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23 March 2015 Restoration of logged humid tropical forests: An experimental programme at Harapan Rainforest, Indonesia
Rhett D Harrison, Tom Swinfield
Author Affiliations +

Restoration of degraded tropical forests can enhance ecosystem service provisioning, improve habitat quality for tropical forest biota and generate income from timber and NTFPs. In Indonesia alone, an estimated 25 million ha of former logging concessions are without current management, representing a huge opportunity for biodiversity conservation. However, currently such forests are typically converted to plantations. Realising the restoration potential of these forests will require viable business models that couple restoration goals with income generation. Unfortunately, understanding of natural succession trajectories and cost-effectiveness of restoration interventions remains poor. We present an overview of research, including three planned experiments designed to test the economic viability of large-scale restoration treatments, in a former logging concession at Harapan Rainforest (98,455 ha), Indonesia. These experiments will address the following questions: (1) Can the selective removal of pioneer trees, including an invasive species, be used to accelerate succession; (2) how does the functional diversity of the planted matrix affect growth and survival of a high value target species; and (3) how does seed density affect recruitment success in direct seeding treatments? Treatments will be applied to large compartments (4~8 ha) to reduce edge effects and simplify management. Monitoring plots (20 × 20 m × 5 reps) within each compartment will be used to assess silvicultural responses, while changes in biodiversity and carbon storage will be monitored at the compartment level. The large spatial scale and high replication of the treatments will establish an experimental platform that will inform many different aspects of tropical forest ecology.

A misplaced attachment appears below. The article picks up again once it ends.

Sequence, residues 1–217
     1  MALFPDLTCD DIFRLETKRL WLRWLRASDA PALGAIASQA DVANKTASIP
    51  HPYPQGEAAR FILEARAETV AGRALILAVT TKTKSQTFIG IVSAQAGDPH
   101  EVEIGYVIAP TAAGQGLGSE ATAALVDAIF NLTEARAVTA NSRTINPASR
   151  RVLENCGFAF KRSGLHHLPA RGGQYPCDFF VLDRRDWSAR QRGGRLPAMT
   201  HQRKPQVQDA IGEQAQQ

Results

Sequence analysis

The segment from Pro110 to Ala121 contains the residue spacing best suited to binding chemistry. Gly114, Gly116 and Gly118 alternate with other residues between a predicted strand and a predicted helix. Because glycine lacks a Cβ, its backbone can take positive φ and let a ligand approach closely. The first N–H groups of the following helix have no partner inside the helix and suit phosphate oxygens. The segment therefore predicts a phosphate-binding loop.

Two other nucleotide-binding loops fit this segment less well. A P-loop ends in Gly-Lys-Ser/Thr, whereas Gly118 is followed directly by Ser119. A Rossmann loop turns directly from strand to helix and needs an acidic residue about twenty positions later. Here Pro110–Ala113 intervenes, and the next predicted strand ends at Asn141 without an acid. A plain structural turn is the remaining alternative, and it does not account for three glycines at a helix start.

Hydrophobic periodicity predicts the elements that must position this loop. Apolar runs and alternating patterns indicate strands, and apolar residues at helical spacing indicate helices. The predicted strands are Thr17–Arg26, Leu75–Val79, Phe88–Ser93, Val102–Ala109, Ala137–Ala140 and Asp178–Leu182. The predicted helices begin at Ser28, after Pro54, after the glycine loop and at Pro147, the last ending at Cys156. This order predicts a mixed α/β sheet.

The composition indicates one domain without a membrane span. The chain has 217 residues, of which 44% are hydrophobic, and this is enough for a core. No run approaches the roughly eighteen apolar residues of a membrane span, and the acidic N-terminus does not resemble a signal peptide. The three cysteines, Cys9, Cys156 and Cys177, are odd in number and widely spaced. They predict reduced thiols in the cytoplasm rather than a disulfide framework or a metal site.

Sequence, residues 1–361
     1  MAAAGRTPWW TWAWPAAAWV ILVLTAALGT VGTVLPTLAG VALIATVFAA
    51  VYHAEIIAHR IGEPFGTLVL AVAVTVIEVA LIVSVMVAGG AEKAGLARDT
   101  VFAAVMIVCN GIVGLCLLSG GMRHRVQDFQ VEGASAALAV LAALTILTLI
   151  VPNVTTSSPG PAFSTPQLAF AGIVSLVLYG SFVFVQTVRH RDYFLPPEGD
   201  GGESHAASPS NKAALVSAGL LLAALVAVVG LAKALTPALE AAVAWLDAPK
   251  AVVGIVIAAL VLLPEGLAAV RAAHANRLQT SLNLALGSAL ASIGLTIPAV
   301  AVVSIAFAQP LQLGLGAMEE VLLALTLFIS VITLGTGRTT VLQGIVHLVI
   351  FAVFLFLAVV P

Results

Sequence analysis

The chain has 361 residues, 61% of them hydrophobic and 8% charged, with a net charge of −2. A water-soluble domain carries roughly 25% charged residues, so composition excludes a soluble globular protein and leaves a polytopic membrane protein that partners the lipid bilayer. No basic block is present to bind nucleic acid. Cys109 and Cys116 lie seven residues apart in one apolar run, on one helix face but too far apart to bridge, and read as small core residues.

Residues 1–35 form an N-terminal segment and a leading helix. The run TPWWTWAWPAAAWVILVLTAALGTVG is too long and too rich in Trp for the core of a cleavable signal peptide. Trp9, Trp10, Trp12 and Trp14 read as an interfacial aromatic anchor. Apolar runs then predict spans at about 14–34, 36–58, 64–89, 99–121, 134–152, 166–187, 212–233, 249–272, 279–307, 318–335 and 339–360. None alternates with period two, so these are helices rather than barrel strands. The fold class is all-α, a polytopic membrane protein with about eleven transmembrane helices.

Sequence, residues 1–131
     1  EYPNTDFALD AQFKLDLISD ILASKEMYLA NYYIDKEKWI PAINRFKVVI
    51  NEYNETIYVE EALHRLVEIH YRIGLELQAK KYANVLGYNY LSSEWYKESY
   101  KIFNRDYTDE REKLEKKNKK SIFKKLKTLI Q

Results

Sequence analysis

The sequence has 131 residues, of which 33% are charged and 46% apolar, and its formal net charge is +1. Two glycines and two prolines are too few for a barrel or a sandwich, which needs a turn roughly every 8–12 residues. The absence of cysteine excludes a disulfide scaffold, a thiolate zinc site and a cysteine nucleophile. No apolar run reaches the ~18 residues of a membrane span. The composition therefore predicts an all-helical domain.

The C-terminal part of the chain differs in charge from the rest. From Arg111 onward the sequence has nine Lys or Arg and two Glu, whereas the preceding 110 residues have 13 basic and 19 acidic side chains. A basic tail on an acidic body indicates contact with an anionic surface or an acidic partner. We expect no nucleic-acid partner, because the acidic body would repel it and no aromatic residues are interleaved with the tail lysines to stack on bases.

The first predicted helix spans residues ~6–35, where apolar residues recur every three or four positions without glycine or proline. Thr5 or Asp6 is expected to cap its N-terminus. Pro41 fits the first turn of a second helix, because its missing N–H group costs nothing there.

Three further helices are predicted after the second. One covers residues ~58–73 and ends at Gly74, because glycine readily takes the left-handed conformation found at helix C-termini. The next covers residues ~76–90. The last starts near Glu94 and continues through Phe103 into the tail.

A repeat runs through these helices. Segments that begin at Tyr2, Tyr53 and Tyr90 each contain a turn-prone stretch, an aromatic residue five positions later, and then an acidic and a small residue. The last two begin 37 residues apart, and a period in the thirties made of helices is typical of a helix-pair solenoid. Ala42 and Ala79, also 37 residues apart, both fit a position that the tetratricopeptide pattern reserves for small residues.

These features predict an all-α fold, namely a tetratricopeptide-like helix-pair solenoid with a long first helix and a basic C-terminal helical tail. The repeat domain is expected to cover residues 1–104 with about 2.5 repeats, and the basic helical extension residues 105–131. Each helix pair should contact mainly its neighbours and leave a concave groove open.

Deforestation and forest degradation are often cited as being the primary threats to tropical biodiversity. Approximately 64,000 km2 of tropical forest are deforested annually [1] and when native forests are replaced with agricultural plantations or exotic tree crops, the loss of biodiversity is substantial [2,3]. However, forests degraded through logging often retain a large proportion of their original diversity and secondary forests regrowing on abandoned agricultural land can recover their biodiversity rapidly, if source populations are available [2,4,5]. Logged and secondary forests comprise an estimated 2 billion ha globally [5] and in Indonesia alone there are an estimated 25 million ha of former logging concessions without current management [6]. Therefore, degraded forests represent an important opportunity for conservation. Logged and secondary forests are also an important carbon pool and sequester carbon more rapidly than mature forests. Forests supply a range of other ecosystem services, including the provisioning of water for human consumption and agriculture, erosion and flood control and local climate amelioration, and the capacity of degraded forests to supply these services is usually enhanced through restoration [5]. Finally, restoration can replenish timber and non-timber forest product (NTFP) resources and thereby, at least partially, justify the retention of forests on economic grounds. Currently, the business-as-usual scenario for exhausted logging concessions is to convert them to Oil Palm or pulp-and-paper plantations [7]. Realising the retention of any substantial proportion of ex-logging concessions under natural forest management will require the development of viable business models that meet restoration goals through generating income from the forest.